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Send Cookie in HTTP Header WebRequest (ASP.NET C# Web Services)

Send Cookie in HTTP Header WebRequest

Problem: You are using a third-party web service to which you are connecting with your own web service. The third-party web service is divided into two phases. Phase 1 is dependent on nothing i.e. you just pass the parameters and the web service returns the details you would like. Phase 2 though is dependent on the first. The problem is that the second phase — apart from the method parameters — also requests that you pass on the JSessionID value which was returned to you in Phase 1. This value must be sent in a cookie. How can this be done?

Reason: When getting data from large databases it is impossible to save all possible combinations. For example, if you are getting all flights between London and Madrid, the data is being fetched from a database. That is Phase 1. But, the IDs sent to you which can be used to get further details on the particular ID of the response cannot all be saved in a database somewhere as it would be extremely redundant to hold all possible combinations. So instead, a session is created on the server and while that session is active the IDs for your particular search are saved. Temporarily. So in order to get the details in Phase 2 you must notify the server which search you are referring to from Phase 1.

Solution: Obviously, you must first execute Phase 1. From there get the JSessionID which will be passed on to the next Phase. The following is all the code you need to call the web service. In it you will find the code to create the JSessionID cookie highlighted in yellow.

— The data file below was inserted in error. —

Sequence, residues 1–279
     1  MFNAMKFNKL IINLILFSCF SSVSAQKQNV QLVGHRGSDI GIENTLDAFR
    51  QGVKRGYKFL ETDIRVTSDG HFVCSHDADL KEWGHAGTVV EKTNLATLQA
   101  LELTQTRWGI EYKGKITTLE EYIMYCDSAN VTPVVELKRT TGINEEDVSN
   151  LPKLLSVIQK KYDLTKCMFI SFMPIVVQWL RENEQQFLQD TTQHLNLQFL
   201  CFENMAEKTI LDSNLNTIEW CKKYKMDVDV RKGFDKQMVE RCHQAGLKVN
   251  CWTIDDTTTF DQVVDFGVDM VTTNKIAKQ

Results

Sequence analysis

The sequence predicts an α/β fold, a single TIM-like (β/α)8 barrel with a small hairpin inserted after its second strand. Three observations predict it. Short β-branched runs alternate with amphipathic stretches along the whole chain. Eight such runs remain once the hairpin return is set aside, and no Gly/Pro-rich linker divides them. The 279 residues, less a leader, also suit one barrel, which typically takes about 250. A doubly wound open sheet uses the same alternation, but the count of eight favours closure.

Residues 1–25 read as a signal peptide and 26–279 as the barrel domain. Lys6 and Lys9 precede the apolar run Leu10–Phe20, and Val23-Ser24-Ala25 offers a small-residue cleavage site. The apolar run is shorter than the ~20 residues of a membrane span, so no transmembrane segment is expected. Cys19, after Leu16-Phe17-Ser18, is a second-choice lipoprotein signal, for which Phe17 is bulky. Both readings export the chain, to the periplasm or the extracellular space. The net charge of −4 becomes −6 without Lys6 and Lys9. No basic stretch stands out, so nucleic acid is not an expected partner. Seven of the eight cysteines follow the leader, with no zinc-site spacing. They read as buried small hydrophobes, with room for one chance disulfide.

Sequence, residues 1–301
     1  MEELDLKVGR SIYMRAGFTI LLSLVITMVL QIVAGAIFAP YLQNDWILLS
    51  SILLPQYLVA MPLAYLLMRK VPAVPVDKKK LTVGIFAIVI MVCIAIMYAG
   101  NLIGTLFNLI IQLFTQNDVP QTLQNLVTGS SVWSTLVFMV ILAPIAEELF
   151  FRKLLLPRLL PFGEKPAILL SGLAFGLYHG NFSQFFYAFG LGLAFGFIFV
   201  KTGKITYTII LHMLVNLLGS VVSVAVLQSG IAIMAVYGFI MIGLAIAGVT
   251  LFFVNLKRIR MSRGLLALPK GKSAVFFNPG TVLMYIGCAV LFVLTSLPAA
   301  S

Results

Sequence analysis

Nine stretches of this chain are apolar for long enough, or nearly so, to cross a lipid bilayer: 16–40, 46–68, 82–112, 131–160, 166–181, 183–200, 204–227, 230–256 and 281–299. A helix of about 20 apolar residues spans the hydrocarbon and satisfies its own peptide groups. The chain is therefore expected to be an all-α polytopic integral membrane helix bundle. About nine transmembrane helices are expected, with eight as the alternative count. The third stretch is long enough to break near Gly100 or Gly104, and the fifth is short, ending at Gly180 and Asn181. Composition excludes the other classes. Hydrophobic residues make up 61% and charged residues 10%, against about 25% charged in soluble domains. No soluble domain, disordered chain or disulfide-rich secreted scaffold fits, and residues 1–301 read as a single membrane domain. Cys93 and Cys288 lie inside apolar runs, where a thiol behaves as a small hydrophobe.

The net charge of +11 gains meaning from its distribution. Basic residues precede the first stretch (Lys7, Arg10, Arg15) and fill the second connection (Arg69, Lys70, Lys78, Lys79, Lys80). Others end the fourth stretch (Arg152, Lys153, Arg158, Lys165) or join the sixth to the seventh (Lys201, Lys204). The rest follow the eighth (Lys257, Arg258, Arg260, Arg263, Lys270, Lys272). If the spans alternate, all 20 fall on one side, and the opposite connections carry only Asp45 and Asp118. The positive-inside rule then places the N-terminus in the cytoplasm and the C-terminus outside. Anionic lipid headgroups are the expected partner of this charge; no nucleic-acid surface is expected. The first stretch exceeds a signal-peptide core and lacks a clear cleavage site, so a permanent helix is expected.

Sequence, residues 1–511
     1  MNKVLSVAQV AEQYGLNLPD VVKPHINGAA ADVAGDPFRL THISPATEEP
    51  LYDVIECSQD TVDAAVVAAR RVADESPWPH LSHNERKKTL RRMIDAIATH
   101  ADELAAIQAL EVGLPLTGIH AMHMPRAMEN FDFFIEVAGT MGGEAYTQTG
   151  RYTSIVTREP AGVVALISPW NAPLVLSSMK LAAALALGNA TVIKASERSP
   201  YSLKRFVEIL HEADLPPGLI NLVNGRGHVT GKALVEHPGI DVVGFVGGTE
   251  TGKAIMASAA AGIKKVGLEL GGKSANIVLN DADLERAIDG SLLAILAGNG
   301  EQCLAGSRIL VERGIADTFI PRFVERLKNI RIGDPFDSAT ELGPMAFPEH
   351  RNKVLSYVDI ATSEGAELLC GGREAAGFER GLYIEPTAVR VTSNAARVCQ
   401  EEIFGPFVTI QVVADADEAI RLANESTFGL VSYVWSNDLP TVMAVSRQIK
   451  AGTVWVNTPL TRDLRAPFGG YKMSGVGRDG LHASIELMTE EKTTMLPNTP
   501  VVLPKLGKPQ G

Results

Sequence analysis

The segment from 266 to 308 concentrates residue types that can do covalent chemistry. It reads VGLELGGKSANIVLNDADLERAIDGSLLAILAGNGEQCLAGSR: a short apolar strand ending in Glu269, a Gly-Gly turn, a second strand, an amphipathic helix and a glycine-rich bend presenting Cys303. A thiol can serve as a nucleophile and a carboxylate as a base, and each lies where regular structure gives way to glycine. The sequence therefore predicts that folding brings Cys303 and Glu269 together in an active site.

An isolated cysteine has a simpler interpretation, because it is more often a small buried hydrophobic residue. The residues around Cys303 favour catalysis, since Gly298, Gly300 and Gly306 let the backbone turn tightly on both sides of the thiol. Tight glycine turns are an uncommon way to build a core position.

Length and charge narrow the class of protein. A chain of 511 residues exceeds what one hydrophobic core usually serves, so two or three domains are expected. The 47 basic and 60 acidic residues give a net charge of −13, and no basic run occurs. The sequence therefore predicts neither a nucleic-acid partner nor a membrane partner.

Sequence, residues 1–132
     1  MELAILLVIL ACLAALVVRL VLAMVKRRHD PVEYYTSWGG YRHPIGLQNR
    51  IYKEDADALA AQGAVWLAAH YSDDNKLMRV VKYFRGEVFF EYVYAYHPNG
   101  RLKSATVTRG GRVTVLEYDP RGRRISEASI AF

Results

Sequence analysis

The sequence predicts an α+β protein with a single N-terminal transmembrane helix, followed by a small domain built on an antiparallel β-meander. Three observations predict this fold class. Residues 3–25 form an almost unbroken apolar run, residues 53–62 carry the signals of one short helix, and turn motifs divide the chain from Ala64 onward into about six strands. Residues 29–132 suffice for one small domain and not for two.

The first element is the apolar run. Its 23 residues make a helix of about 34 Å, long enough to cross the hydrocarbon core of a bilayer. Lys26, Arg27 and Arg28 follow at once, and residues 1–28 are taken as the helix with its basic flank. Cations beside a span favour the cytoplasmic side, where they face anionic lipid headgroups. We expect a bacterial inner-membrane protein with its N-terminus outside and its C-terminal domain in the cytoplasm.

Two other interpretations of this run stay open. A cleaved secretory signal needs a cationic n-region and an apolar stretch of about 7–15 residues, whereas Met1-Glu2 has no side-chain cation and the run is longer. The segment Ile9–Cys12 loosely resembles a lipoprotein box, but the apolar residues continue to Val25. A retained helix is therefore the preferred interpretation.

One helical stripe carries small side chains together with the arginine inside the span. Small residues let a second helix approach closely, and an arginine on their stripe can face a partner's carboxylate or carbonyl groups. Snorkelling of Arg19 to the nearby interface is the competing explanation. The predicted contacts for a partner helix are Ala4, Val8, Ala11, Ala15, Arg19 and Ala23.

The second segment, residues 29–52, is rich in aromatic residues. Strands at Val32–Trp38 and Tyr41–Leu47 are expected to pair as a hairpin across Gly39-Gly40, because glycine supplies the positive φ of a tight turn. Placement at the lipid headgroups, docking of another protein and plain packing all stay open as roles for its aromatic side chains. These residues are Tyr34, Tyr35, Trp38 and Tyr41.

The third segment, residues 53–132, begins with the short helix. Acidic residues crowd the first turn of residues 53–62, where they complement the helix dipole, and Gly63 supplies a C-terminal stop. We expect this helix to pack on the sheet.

byte[] buffer = Encoding.ASCII.GetBytes(
    "fareId=123456");  // the data you want to send to the web service
HttpWebRequest WebReq = (HttpWebRequest)WebRequest.Create(url);
WebReq.Method = "POST";
WebReq.ContentType = "application/x-www-form-urlencoded";
WebReq.ContentLength = buffer.Length;
WebReq.Headers["Cookie"] = "JSESSIONID=4567845226"

    Stream PostData = WebReq.GetRequestStream();
PostData.Write(buffer, 0, buffer.Length);
HttpWebResponse WebResp = (HttpWebResponse)WebReq.GetResponse();
Stream Answer = WebResp.GetResponseStream();
StreamReader _Answer = new StreamReader(Answer);

The most important part of the code is highlighted in yellow. In that line of code we are passing a cookie called JSESSIONID with the value 4567845226. When this request arrives at the web service, the first thing it does is it checks the cookie which was passed in the header. It then fetches the Phase 1 search response and continues Phase 2 from there.

Conclusion: The CookieContainer object does not work as intended when passing this JSessionID value. This is the only effective method which I found to this process. Note that the cookie name ‘JSESSIONID’ was used as an example. Various web services use various names for their SessionId cookie.

posted on Friday, October 10, 2008 2:18 PM

This article is part of the GWB Archives. Original Author: X Lines 1 Goal

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